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My mom, Lori, was diagnosed with triple-negative breast cancer in the winter of 2010 when I was 8, and then again in the fall of 2012 when I was 11. Finding out she was undergoing cancer treatment after the first diagnosis was such a foreign concept to my young brain that I couldn’t even be upset about it. I was discovering in real time what it meant to have a cancer patient in my family, as she was simultaneously discovering what it meant to actually be a cancer patient.
I remember coming home from dance practice one night to see the back of a bald head sitting on the couch in our living room and wondering what stranger had come over to visit for the evening. During that first round of treatment, I got used to her being physically unrecognizable. She sported a variety of wigs when we went out and dropped weight almost instantly. I also watched her grasp onto spirituality in any way that she could, whether it be regular trips to church or the yoga studio.
It was learning the effects that cancer treatment could have on someone that made the second diagnosis after almost a year of remission so much scarier. I wasn’t even supposed to know. Our family shared a computer and when I logged on I saw an email from one of our church friends consoling her about the re-diagnosis. That night, she asked me to keep the news quiet as we hugged and sobbed in the car.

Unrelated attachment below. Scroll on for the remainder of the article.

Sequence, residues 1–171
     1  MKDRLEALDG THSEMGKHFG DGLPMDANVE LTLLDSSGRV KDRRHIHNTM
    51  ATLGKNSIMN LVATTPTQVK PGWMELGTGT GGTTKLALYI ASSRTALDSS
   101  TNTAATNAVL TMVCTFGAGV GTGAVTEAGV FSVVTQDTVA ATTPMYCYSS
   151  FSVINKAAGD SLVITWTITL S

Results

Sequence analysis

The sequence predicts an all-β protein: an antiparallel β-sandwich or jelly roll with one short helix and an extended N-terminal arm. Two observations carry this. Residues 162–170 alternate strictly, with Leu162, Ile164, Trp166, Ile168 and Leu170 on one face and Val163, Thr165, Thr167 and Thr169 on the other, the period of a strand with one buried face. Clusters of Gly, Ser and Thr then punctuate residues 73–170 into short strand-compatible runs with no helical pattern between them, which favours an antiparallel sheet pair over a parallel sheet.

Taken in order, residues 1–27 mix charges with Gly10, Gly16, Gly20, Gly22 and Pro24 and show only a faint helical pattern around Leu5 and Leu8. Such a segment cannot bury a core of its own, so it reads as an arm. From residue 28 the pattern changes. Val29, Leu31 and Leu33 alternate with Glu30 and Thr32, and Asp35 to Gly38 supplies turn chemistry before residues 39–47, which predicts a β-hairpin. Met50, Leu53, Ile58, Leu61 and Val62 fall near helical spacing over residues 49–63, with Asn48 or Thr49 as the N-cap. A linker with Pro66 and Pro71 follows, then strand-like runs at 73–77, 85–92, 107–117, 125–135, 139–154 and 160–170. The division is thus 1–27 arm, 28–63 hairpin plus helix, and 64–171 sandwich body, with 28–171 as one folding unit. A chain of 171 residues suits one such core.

Although the span of her cancer treatment was relatively short, my mom lived 100 lives during that period. In the midst of undergoing treatment, she began to train for and run marathons, take me and my sister on special one-on-one trips in other countries, and actively involve herself in the Triple Negative Breast Cancer Foundation as the Executive Director, in order to build a community for other women affected by this brutal form of the disease.
My mom passed away in August of 2013, right after things had begun to look up. All at once, the cancer spread throughout her whole body, eventually taking over her brain, and making me as unrecognizable to her as she had become to me. Despite how sick she was, she waited to pass until all her siblings and my sister Claire had flown in from Michigan so that our whole family could be around her when she went. Family always meant the most to her. Her involvement at TNBCF was so important because of the support she knew it could provide to others. For her, the foundation became a family in its own right. The work my mom did to establish Triple Negative Breast Cancer Day as a global event is a testament to her legacy and the Triple Negative Breast Cancer Foundation is an emblem of the values she held close in her relentless battle against cancer.